So with that said, I did want to verify the claim that the Heroclip could hold 50 lbs.
The way I approached testing the Heroclip was to clip it between two climbing carabineers hung in my garage and then load the Heroclip by adding lead weights to a bucket clipped to the lower carabineer.
I first added weight to the bucket until I had reached 50 lbs. At 50 lbs there was a little deflection in the HeroClip, but the bent wire gate still would open and close into the notch on the main body of the clip.
While Heroclip clearly states that the maximum capacity is 50 pounds. I did add additional weights until I go up to 74 v for the sake of science. At 74 pounds there was slightly more deflection and the Heroclip still held the load, but the deflection was great enough that the bent wire gate would no longer close after it was opened.
While there is no clear indication on the packaging on if the 50 pounds maximum capacity applies when the Heroclip is utilized in applications involving the load being carried through the hook, I decided to run a test of that configuration, as it would be commonly used. The hook and the plastic swivel are key features that make the Heroclip so versatile, so I felt that it was important to apply a load through these features to see what if anything happens.
I loaded the Heroclip as shown in the picture above to 54 pounds, at which point it held the load and I did not observe any significant deflection within the swivel feature on the Heroclip which I would consider the weak link when it is loaded in this manner.
So all in all, the Heroclip seems to clearly meets its claim of being able to hold up to a maximum load of 50 pounds.
What is supposed to differentiate the Heroclip from other accessory clip designs is its versatility. I have been making a point to keep a Heroclip with me when I have been out and about on hikes, but also when I was just going about my normal daily activities and kept my mind open for possible applications where the Heroclip might be useful.
When out hiking, the fundamental use I found for the Heroclip was as a hook to hang gear if for some reason I didn’t want to set the gear on the ground because of mud, etc. I tried it out on a recent hike to an old fire lookout in our area.
The hook on the Heroclip made it easy to find a variety of locations to hang my pack easily on features that existed within the lookout, including even a railing constructed from 2x4’s.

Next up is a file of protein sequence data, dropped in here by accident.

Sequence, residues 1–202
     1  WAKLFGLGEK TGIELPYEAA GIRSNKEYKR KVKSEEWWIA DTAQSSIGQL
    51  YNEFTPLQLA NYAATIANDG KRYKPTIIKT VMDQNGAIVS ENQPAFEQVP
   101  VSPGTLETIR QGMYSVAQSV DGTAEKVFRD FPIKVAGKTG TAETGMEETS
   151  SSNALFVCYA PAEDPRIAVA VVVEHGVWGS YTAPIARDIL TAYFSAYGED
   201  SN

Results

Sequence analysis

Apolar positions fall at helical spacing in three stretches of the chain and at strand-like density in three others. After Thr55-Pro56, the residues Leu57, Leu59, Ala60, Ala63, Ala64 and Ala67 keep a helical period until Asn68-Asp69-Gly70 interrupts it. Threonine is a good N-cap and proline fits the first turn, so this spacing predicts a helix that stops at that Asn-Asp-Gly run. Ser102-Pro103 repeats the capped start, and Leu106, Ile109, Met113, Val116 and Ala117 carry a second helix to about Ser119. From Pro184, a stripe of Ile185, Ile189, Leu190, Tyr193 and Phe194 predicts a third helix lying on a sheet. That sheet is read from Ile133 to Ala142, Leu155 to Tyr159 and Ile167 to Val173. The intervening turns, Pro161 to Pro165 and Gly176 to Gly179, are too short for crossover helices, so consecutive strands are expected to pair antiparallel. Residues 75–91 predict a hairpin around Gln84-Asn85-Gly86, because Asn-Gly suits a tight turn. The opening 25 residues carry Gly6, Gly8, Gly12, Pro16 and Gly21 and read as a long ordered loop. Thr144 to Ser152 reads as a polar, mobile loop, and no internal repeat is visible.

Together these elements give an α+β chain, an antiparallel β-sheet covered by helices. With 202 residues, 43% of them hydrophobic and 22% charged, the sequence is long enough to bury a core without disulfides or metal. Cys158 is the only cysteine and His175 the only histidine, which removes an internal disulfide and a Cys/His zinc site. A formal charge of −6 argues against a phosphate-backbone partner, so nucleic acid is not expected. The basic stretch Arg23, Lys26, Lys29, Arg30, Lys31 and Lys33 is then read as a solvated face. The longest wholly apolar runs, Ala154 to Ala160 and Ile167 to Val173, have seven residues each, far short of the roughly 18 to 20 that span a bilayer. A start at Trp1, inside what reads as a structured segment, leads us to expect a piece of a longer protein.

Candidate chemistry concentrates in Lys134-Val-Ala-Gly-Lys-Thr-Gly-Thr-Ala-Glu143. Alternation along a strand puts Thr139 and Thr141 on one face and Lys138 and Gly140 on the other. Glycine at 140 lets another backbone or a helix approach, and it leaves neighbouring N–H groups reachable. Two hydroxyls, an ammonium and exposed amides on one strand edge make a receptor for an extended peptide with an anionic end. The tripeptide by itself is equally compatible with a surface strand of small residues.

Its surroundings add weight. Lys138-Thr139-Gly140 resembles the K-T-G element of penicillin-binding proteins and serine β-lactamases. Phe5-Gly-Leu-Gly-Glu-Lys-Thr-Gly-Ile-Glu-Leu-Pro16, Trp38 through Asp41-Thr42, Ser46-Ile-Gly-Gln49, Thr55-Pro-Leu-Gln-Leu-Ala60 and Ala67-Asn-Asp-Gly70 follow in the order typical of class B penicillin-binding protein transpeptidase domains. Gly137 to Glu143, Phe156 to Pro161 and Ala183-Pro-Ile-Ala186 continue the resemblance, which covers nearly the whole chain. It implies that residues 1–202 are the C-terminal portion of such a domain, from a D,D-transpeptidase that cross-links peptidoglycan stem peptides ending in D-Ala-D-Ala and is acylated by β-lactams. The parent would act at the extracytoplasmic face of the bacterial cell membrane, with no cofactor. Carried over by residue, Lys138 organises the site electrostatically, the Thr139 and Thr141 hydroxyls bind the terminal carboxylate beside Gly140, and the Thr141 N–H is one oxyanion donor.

The Heroclip is also useful for hanging your trekking poles instead of leaning them against a tree. Maybe it’s just me, but every time I lean my poles against a tree, one or both always tend to end up on the ground.
I also experimented with using two Heroclips to temporarily hold a fly pole while a car, like my Subaru, is stationary, by hooking the Heroclips on the rail of the roof rack or clipping one to a door handle.
I also found that the Heroclip could be useful for some non-outdoor applications.
My daughter educated me that purses like her $800 Louis Vuitton in the picture below, are never set on the floor or hung from the back of a chair, and need what is called a purse hook. Because of the way the hook is designed on the Heroclip with a unique rubber tip, it makes for a very functional purse hook that meets all of my daughter’s expectations (which isn’t always easy…).
Also, because of the size of the hook and the design of the rubber tip, the Heroclip felt very secure for hanging a can of paint on the rung of a ladder.
My daughter also pointed out that the Heroclip could be clipped to the support of a typical car headrest, which would then provide a convenient hook to hang a purse, shopping bag, etc. on the back of your seat.
Summary and Recommendation
Overall the Heroclip is a well-made accessory clip that has unique features that enable it to be used in a variety of useful applications, both in the outdoors and around the house. While not inexpensive at a typical retail price of $19.95, I think that most people will find the Heroclip a well-made product that they will find useful for a number of helpful applications.
Many thanks to the people at Lulabop for the opportunity to test the Heroclip with the Trailspace Gear Review Corps!
The Heroclip is fantastic. I use it everywhere. This…
Source: bought it new
Price Paid: $20
The Heroclip is fantastic. I use it everywhere.
- The swivel feature and dual hanging ability distinguish itself from any other clips out there.
This clip is amazing. I keep finding that odd jobs are made easier with help from a HeroClip.
I have used it while camping, backpacking, biking, and around the house. Its versatility and design make this clip worth a purchase.